Prerequisites: N/A
Corequisites: N/A
Credit Points: 15 Credit Points
Level: Year 3 Elective
Workload: Timetabled hours/week: 4 (Lecture = 2 hours, Tute/Lab = 2 hours)
  Personal study hours per week: 5 hours


This is a sixth trimester elective unit out of a total of 12 units in the Bachelor of Networking (BNet). This unit addresses the BNet course learning outcomes and complements other courses in a related field by developing students’ specialised knowledge in enterprise architecture and applying critical skills in enterprise architecture software. For further course information refer to: http://www.mit.edu.au/study-with-us/programs/bachelor-networking.

This unit provides students with an in depth discussion of the foundational concepts, methods and principles of Enterprise Architecture (EA). The focus is on EA methods and techniques to describe how to plan, implement and govern a program of work to improve the business function by aligning IT with business drivers.  This is the role of enterprise-level architecture.  Students will describe and apply EA concepts and techniques within the context of case studies. Students gain the knowledge and skills to understand and describe an EA program.

This unit will cover the following topics:

  1. EA: definitions, meaning of EA, need for EA.
  2. The context of EA: business and IT cycles.
  3. Business-IT alignment.
  4. The EA process: Align Elaborate and Govern.
  5. IT planning in the context of EA.
  6. The value of EA.
  7. Change Management.
  8. Case studies in Enterprise Architecture.


At the completion of this unit students should be able to:

  1. Explain what constitutes value for an organisation. 
  2. Lead a discussion on the role of EA to support business strategic goals through IT alignment, planning and governance.
  3. Describe enterprise-level architectural views for the business, information, technology, and application domains.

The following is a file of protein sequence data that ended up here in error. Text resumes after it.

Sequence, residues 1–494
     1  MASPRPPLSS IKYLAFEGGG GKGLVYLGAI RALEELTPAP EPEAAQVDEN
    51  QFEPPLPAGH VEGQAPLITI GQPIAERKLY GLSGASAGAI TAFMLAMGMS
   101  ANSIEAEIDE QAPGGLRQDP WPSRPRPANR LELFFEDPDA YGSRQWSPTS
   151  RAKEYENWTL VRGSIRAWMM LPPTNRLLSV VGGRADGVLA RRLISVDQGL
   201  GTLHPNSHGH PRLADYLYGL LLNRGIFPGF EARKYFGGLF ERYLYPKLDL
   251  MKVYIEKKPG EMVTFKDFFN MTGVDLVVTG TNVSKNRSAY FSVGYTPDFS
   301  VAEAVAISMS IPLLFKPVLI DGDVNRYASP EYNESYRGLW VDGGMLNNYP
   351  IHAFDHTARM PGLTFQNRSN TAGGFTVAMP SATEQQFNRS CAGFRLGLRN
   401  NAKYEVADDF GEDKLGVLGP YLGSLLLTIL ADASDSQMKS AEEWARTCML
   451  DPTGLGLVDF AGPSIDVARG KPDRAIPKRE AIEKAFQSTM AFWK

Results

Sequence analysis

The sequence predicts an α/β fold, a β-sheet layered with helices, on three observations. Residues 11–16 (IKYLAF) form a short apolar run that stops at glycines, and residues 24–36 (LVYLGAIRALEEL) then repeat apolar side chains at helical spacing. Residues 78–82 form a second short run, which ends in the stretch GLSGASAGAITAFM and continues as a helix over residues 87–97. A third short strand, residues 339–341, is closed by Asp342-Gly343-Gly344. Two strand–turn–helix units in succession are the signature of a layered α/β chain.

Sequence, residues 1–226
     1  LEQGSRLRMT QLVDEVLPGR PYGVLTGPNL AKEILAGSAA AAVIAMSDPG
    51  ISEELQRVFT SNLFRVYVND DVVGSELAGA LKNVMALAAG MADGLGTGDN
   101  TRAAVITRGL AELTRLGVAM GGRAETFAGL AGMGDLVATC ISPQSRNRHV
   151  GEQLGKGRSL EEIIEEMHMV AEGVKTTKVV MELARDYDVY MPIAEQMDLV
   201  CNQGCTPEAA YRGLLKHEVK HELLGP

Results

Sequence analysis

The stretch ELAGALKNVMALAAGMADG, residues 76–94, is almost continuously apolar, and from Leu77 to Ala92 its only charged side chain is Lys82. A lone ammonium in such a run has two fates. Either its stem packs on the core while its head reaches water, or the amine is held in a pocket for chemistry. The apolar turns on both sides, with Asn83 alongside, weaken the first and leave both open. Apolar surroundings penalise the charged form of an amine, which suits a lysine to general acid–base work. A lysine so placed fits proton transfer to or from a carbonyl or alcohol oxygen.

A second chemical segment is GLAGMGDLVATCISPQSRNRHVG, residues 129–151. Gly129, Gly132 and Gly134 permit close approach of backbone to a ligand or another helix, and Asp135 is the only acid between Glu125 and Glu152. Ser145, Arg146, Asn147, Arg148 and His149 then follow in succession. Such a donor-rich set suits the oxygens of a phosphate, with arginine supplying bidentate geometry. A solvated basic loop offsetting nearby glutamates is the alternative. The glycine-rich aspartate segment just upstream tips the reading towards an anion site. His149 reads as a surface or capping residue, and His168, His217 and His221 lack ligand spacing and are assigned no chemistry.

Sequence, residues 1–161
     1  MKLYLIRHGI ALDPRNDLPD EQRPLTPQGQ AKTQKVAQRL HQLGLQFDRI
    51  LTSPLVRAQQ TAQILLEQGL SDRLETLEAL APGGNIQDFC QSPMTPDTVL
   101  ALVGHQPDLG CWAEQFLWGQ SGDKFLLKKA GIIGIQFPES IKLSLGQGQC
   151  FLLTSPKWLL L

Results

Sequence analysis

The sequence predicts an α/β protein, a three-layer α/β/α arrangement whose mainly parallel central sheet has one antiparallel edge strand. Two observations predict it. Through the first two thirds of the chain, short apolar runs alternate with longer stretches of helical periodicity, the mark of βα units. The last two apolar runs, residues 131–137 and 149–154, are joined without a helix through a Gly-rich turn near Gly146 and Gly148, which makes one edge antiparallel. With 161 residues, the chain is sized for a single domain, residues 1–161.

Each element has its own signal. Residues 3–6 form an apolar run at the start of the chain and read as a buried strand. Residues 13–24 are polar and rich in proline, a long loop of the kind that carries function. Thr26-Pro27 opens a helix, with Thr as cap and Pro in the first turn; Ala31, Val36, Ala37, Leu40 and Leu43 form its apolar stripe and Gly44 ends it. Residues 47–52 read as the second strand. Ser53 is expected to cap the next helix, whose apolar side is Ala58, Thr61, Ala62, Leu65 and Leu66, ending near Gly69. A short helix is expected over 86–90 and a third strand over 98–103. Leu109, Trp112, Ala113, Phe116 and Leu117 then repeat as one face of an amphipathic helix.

4. Report on the relationship between EA and other architectures such as system, solution, data, application and technology.
  5. Investigate the appropriate use of industry EA methods and frameworks.
  6. Report on the current and future state for a portfolio of IT applications.
  7. Interpret a roadmap process to for the IT portfolio to support long-term business strategy.


MIT is committed to ensure the course is current, practical and relevant so that graduates are “work ready” and equipped for life-long learning. In order to accomplish this, the MIT Graduate Attributes identify the required knowledge, skills and attributes that prepare students for the industry.

The level to which Graduate Attributes covered in this unit are as follows:

Ability to communicate Independent and Lifelong Learning Ethics Analytical and Problem Solving  Cultural and Global Awareness Team work Specialist knowledge of a field of study


Colour coding    

Extent covered

                                The standard  is covered by theory and practice, and addressed by assessed activities in which the students always play an active role, e.g. workshops, lab submissions, assignments, demonstrations, tests, examinations
  The standard is covered by theory or practice, and addressed by assessed activities in which the students mostly play an active role, e.g. discussions, reading, intepreting documents, tests, examinations
  The standard is discussed in theory or practice; it is addressed by assessed activities in which the students may play an active role, e.g. lectures and discussions, reading, interpretation, workshops, presentations 
  The standard is presented as a side issue in theory or practice; it is not specifically assessed, but it is addressed by  activities such as lectures or tutorials
  The standard  is not considered, there is no theory or practice or activities associated with this standard